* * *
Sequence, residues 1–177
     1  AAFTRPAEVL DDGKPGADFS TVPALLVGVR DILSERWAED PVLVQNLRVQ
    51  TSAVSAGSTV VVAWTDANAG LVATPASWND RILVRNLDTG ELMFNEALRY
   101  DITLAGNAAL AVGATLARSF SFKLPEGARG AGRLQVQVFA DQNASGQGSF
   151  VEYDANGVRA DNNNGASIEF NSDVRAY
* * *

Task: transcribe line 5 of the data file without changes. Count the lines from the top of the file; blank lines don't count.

   151  VEYDANGVRA DNNNGASIEF NSDVRAY